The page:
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Sparkle looks to a greener future with the opening of its fourth data centre in Greece

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Sparkle looks to a greener future with the opening of its fourth data centre in Greece
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In a move designed to kickstart what CEO Mario Di Mauro describes as “a new digital game”, international service provider Sparkle laid a symbolic foundation stone for the company’s latest data centre on 21 January. Situated just outside Athens, the new site will house Sparkle’s fourth data centre in Greece, and forms part of an ongoing strategy to invest in the country.

Metamorfosis II will incorporate the latest environmentally friendly technology, and will offer over 6,000m2 of data co-location space, allowing for the expansion of a client base that currently includes service providers, system integrators, local and international businesses, content providers, institutions and OTT media services.

A key player in the global telecoms market

As the international arm of Italian telecommunications giant TIM, Sparkle has a presence in 33 countries, with a proprietary backbone of around 530,000 kilometres of fibre optics across four continents. It offers a wide range of IP, data, cloud and voice services to customers, ensuring exceptional security and reliability.

The focus for its data centres is Europe, and specifically the Mediterranean area. Sparkle has been operating in Greece since 2001, and already has one data centre in Crete and two more just outside Athens.

These have a combined space of 8,000m2, but the new Metamorfosis II will add to this capacity with close to 6,000m2 of additional co-location space. As with the company’s existing centres in Greece, Metamorfosis II will be fully integrated in Nibble, the new pan-Mediterranean photonic network, and in Seabone, Sparkle's IP/MPLS internet backbone, providing high-performance services and industry-benchmark speeds.

Environmental sustainability as strategic priority

Plans for the construction of the new complex put environmental concerns front and centre. “The new European Commission has made sustainability the key issue in the future policy of Europe,” says Salvatore Rossi, chairman of TIM. “Every private company acting in the market has to understand that this is a business opportunity, not a cost.”

Sparkle’s commitment to environmental sustainability is nothing new, and its business operations were the first of their kind in Greece to be awarded with the ISO 14001:2015 certification, which recognises the company’s environmental-protection measures.

Sparkle’s Istanbul data centre is held to be something of a blueprint in the industry, and a recent expansion and renovation saw the addition of state-of-the-art technology that enabled the company to increase capacity by 40 percent while reducing consumption by 14 percent.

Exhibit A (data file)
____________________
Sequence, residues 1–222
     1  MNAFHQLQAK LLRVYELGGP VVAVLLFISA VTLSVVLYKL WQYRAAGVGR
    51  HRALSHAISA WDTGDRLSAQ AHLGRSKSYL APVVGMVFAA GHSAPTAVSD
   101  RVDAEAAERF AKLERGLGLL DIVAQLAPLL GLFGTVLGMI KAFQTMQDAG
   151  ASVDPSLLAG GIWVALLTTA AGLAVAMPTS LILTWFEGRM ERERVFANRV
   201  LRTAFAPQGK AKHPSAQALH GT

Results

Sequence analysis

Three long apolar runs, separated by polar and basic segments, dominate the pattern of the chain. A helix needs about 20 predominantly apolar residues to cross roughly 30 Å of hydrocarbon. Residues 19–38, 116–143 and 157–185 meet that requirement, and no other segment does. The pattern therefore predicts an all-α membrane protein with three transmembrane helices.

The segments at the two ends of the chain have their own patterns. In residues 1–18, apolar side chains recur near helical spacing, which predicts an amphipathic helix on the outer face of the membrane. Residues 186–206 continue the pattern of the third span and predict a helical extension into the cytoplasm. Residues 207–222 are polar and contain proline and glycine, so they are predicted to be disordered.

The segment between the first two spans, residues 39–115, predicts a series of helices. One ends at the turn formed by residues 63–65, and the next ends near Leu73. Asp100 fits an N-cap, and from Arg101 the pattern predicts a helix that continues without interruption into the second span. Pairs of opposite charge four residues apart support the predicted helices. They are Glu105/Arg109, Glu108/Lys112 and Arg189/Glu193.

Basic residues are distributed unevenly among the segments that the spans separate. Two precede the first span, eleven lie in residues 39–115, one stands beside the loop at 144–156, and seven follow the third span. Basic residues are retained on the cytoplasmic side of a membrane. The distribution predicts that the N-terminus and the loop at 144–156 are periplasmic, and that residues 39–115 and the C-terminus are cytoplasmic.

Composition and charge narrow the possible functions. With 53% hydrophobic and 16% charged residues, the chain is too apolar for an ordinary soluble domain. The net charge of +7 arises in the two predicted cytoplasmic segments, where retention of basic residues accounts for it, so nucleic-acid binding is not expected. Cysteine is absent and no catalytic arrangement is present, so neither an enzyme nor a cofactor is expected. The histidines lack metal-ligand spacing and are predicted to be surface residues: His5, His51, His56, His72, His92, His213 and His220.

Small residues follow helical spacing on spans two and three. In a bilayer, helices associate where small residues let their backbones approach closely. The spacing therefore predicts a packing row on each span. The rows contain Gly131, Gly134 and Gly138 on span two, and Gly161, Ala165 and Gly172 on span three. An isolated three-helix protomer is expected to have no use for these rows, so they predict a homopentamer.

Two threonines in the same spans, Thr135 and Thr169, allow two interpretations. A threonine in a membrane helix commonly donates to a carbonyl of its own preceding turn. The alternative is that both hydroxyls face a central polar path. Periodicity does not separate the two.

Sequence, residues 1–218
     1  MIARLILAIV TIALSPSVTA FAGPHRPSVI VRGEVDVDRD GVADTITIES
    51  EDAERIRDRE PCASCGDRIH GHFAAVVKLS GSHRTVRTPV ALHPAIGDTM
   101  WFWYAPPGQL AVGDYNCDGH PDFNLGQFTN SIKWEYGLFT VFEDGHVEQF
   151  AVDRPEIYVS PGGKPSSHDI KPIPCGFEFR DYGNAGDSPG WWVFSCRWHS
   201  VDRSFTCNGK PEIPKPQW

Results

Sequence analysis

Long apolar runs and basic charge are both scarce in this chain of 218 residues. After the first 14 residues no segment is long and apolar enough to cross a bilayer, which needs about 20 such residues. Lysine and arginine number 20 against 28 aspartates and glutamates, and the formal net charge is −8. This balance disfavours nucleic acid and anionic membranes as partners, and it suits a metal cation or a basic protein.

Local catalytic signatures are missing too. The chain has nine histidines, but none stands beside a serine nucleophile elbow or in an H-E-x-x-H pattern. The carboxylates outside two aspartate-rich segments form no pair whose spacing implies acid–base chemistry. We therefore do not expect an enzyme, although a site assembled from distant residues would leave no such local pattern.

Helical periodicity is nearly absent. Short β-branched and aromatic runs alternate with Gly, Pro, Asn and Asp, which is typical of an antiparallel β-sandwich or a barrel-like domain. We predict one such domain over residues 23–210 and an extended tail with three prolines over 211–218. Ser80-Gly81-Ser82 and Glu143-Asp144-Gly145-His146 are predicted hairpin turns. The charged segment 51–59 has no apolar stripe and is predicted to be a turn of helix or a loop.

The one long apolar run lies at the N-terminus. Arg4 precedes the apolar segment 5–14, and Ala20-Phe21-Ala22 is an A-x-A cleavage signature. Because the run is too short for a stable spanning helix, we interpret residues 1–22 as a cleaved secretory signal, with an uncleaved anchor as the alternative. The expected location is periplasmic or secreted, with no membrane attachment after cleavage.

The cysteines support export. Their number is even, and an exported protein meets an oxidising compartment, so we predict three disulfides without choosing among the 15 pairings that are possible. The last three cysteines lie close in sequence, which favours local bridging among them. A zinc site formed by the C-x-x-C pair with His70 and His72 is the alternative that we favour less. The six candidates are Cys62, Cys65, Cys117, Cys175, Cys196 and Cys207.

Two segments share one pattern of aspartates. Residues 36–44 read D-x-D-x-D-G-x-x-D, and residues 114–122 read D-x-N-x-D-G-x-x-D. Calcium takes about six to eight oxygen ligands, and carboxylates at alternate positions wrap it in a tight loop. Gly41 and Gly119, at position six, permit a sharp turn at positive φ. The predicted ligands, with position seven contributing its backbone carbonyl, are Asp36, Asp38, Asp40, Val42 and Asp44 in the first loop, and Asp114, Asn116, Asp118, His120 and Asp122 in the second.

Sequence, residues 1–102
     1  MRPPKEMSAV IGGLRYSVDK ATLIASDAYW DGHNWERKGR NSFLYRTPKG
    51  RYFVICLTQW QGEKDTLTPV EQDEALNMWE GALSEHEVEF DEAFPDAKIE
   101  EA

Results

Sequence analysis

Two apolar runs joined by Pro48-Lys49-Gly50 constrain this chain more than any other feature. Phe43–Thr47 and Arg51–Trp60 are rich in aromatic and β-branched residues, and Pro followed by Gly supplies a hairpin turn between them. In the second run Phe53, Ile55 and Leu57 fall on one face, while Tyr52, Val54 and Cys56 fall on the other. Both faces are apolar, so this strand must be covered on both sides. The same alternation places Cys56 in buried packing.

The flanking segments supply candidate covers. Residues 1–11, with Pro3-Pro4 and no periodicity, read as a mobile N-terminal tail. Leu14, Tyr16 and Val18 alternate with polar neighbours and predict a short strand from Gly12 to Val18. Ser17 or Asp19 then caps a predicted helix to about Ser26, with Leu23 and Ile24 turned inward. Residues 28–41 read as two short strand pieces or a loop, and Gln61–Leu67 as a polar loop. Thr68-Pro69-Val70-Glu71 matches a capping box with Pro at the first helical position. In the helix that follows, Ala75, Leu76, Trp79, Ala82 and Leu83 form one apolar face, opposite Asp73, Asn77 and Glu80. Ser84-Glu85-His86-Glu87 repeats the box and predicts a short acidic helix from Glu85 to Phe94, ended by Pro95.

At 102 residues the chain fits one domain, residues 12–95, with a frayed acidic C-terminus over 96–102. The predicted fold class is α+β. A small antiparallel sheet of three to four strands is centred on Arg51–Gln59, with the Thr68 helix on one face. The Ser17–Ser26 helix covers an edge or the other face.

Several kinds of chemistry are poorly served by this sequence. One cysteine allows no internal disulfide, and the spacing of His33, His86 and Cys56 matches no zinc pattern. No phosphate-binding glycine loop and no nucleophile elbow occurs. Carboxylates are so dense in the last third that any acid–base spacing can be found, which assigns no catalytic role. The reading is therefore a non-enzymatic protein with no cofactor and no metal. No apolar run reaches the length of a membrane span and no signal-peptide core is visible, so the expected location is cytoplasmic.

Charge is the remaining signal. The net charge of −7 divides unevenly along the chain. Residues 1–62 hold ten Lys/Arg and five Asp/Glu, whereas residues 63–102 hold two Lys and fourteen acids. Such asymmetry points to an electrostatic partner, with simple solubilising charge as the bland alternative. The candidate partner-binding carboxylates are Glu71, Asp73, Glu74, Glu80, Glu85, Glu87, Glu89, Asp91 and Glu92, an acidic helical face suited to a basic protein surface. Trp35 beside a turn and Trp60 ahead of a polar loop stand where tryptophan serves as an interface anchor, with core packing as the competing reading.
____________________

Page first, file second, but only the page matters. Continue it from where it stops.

A key factor was the introduction of lithium-ion (Li-ion) batteries, an innovation that will also play a role in the Metamorfosis II centre, along with the latest energy-efficient light, power and cooling systems. These will jointly allow a carbon-footprint reduction of around 28,000 tons a year, or – in simpler terms – will require close to half the energy required to run a regular data centre of comparable size and capacity.

Recognising local potential

But technology is only half the picture. For five years in a row Sparkle has won Infocom awards that acknowledge the company’s success in the cloud and data industries, as well as its contribution to the development of the Greek market overall.

As the green shoots of recovery emerge from Greece’s long period of stagnation and austerity, Sparkle sees boundless possibilities in the region. “For us, it’s very important to develop our activities in the centre of the Mediterranean area,” says Alessandro Pansa, chairman of Sparkle. “We want to extend our activities in Asia, in Africa, in other parts of the world, but Athens will be the focal point for our next activity.”

The question is not merely one of economics. Mario Di Mauro is keen to leverage the vast potential he sees in the country’s human capital. “We have here people who are capable of playing this innovation role, and these people are important.”

Laying out his vision for the future, Di Mauro predicts that this investment in Greece and its workforce will not only benefit the company’s operations within the country, but that he hopes to “capitalise on all this knowledge for all the global operations of Sparkle.”

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